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Making Art, Up Close and Personal

When Lanier Walker ’14 was just seven years old, her mother took her to an event that would resonate with her for years to come.

Walker’s mother, Susan Russ Walker, was a law clerk for Frank Minis Johnson, a U.S. federal court judge in Montgomery, Alabama. Johnson was responsible for several landmark rulings in the civil rights movement, including the 1956 ruling in favor of Rosa Parks sitting in the front of the bus, and allowing the Selma to Montgomery march led by Martin Luther King, Jr., that helped end segregation in the South.

When Johnson passed away, Walker’s mother—now chief magistrate judge in Johnson’s old courthouse—stood vigil by the coffin at the memorial service, alongside the judge’s other former clerks. Walker’s mother kept her daughter close by her side throughout the service.

“I remember being so overwhelmed by the number of people who attended the memorial service,” Walker said. “I remember my mom telling me that he was the kind of person that you want to be.”

More than a decade later, Walker has memorialized that defining moment in her contribution to a new installation at the Harvard Art Museums. As a student guide at the museums, she was one of nine students invited to add text to “Untitled” (Portrait of Michael Jenkins), a word portrait by the late artist Felix Gonzalez-Torres.

Originally created in 1991, the work documents multiple events—some personally significant to the man who commissioned the work (Jenkins) and some publicly significant, chosen by Gonzalez-Torres. These events are condensed down to a “unit”: just one or two words encapsulating the event, as well as a year bearing some significance to the event. New owners of the word portrait are encouraged to add, delete, or rearrange units each time the work is installed.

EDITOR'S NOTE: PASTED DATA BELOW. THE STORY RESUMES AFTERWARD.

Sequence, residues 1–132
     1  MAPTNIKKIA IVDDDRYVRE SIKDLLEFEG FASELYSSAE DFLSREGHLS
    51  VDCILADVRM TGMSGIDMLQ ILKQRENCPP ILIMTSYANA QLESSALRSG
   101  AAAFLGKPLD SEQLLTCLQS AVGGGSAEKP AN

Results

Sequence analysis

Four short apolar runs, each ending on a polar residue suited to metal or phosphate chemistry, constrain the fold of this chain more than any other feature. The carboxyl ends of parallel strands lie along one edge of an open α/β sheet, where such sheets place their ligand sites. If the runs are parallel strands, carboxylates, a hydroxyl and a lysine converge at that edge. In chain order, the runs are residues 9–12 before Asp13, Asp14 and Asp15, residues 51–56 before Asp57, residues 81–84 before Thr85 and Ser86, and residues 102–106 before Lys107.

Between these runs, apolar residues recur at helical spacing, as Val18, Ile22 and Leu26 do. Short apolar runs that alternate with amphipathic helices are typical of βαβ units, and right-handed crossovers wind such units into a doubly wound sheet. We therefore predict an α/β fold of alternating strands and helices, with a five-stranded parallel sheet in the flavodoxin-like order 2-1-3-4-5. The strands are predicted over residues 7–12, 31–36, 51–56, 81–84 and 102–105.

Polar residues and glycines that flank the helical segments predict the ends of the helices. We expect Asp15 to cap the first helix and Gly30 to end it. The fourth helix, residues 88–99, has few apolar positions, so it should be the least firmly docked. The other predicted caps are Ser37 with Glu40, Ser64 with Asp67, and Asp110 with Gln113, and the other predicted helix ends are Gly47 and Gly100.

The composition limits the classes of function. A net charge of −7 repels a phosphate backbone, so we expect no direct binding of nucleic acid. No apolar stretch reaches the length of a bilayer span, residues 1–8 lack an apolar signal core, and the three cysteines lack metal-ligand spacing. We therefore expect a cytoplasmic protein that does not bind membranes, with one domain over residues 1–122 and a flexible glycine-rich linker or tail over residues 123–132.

When the Harvard Art Museums acquired the word portrait and invited select students to add their own significant moments to the work, Walker knew right away that she wanted to offer Johnson’s name together with the year he removed the legal barriers that threatened the march from Selma to Montgomery.

“It’s a difficult task, distilling huge events in your life down to a name and date,” Walker said. “But Frank Johnson’s name and that date incorporate so many things for me: my home state of Alabama, my mom, and the type of person I want to be. It’s incredible to be able to include his name in the Gonzalez-Torres installation.”

For Mary Schneider Enriquez, the Houghton Associate Curator of Modern and Contemporary Art at the Harvard Art Museums, involving students in the installation fits perfectly with the museums’ tradition as a teaching institution.

“Students are a huge priority in everything we do,” she said. “In a sense, this work is like Harvard itself: it takes a history and adds to it through the student experience. It was powerful to educate the students about what the portrait meant, and then also to encourage them to think deeply about their own history so that they might contribute to the work.”

Being able to hear students explain how they came to make their contributions was, she said, “a very moving process. At one point, near the end, it really felt as if Gonzalez-Torres was in the room with us.”

Walker, who recently began a master’s degree in the history of design, credits her student experiences at the Harvard Art Museums with sparking her desire to become a curator. “I loved being able to work so closely with the objects, and could not have done that any other way than by working with the museums.”

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